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Court Packing by Another Name

President Obama presents D.C. circuit court nominees (from left) Robert L. Wilkins, Cornelia T.L. Pillard, and Patricia Ann Millett.

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Next to the initial response to Benghazi, the DOJ’s journalist eavesdropping, and conservative targeting at the IRS, add the existence of the Circuit Court of Appeals for the District of Columbia to the list of things about the federal government of which President Obama has, apparently, only recently been made aware.

After years of treating the court (usually considered the second-most-important judicial body in the republic) with a casual indifference, the administration suddenly announced three nominees to it on Monday — and is using the bully pulpit to up pressure on the Senate to approve them quickly. In aid of that effort, Majority Leader Harry Reid has renewed his threats to change that body’s longstanding rules.

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The president’s newfound interest in the D.C. circuit is puzzling, considering he waited nearly two years after taking office to make any nomination to the court whatever. Or that he delayed the nomination of federal solicitor Sri Srinivasan, who recently skated through the confirmation process, by three years over grumbles from his liberal base. Or that another nominee, NAACP counsel Debo P. Adegbile, failed even to make it past an initial screening by the American Bar Association. Or that he let months pass before acting after one of the few picks that did get to the Senate, Caitlin Halligan, failed to win confirmation.

And the urgency Mr. Obama now says is required to fill these vacancies is belied at turns by the facts (the most recent vacancy is barely three months old) and his own past behavior (the oldest vacancy is so old that Senator Obama availed himself of the opportunity to block President Bush’s nominee to fill it). The administrators of the federal courts, headed by custom and law by Chief Justice Roberts, identify 33 outstanding judicial “emergencies” — defined as longstanding vacancies in district or circuit courts with large volumes of filings. The Obama administration has made nominations in just eight of these cases. The D.C. circuit does not appear on the list. Indeed, eight of the circuit’s eleven authorized full-time judgeships are occupied, and there are six sitting “senior” judges who work lighter caseloads — meaning the circuit is operating at or above capacity. So there can be no credible argument about the relative urgency of filling its vacancies.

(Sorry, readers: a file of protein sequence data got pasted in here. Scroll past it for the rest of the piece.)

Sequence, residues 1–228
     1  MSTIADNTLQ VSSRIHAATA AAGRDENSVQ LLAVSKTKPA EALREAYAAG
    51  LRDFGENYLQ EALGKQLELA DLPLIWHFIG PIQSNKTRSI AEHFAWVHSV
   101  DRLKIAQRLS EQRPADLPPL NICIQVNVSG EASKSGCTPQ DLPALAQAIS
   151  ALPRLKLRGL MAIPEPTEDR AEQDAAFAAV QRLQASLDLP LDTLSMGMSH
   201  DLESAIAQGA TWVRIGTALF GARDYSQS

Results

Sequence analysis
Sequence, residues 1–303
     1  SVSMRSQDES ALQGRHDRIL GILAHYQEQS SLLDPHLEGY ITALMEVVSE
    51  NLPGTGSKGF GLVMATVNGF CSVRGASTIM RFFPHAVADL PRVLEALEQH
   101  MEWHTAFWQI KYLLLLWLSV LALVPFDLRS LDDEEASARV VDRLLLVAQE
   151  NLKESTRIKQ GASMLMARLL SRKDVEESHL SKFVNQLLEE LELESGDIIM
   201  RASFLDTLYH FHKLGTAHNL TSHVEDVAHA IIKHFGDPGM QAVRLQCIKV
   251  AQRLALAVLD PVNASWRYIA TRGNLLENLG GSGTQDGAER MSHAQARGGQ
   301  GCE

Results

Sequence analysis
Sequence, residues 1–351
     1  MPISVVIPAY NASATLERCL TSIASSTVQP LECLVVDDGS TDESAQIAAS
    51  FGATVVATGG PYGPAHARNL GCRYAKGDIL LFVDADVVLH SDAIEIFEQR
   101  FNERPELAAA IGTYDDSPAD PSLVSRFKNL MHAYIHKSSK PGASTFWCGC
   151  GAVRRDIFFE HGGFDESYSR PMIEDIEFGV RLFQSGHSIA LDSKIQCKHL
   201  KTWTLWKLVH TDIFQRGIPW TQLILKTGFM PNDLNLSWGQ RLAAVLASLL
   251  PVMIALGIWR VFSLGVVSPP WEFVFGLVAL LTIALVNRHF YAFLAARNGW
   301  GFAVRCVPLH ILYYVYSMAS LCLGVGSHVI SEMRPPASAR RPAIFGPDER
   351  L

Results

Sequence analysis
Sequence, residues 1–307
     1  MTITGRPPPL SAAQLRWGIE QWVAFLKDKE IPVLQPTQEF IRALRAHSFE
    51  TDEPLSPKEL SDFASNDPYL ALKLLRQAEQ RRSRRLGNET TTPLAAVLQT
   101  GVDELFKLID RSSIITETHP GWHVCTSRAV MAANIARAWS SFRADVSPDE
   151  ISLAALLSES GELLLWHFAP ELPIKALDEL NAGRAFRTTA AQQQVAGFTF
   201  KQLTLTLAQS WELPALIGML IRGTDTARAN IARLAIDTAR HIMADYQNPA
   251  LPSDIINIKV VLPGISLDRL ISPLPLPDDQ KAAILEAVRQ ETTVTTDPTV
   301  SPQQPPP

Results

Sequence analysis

Nor, as some allies and sympathetic pundits have suggested, does the need to “balance” the D.C. circuit require hasty confirmation of the president’s nominees. Despite the administration’s talking points, dutifully aped without interrogation by newspapers of record, the D.C. circuit is as “balanced” as ever in recent memory, with a 4–4 split between full-time judges appointed by Republicans and those appointed by Democrats.

So what is motivating the White House? Senator Charles Grassley, ranking Republican on the Senate Judiciary Committee, has drawn criticism for suggesting the president’s late nominations are an effort to “pack the court” to advance his policy agenda. Both sides have made overwrought comparisons to Franklin Roosevelt’s ill-bred scheme in the judicial fights of the last decade, but in this case Grassley has a point. FDR sought to subvert the traditions of the Court to ensure judicial acquiescence to the New Deal. President Obama, with an assist from Harry Reid, appears to be willing to subvert the traditions of the Senate to ensure judicial cover for his ongoing campaign to govern the country by executive order and administrative regulation. As Douglas Kendall, leftist legal advocate and president of the opaquely named “Constitutional Accountability Center,” put it: “With legislative priorities gridlocked in Congress, the president’s best hope for advancing his agenda is through executive action, and that runs through the D.C. circuit.”

The good news is there is plenty of room for the Senate to honorably discharge its constitutional duty to advise and consent on judicial nominees, while at the same time cooling the president’s ambitions. Indeed, compared with the treatment President Bush’s D.C.-circuit nominees enjoyed, the senators serving today have thus far behaved like perfect ladies and gentlemen. Republicans have filibustered just one of Obama’s nominees, and the last was confirmed just six weeks after his hearing. By contrast, Bush’s first pick, Miguel Estrada, was filibustered into oblivion. Another pick, Peter Keisler, was left to rot in committee for two and a half years before his nomination died. The four picks that Bush managed to see through took an average of 712 days between nomination and confirmation.

There is thus both ample reason and ample precedent for the greatest deliberative body to take its time in considering the president’s nominees. 



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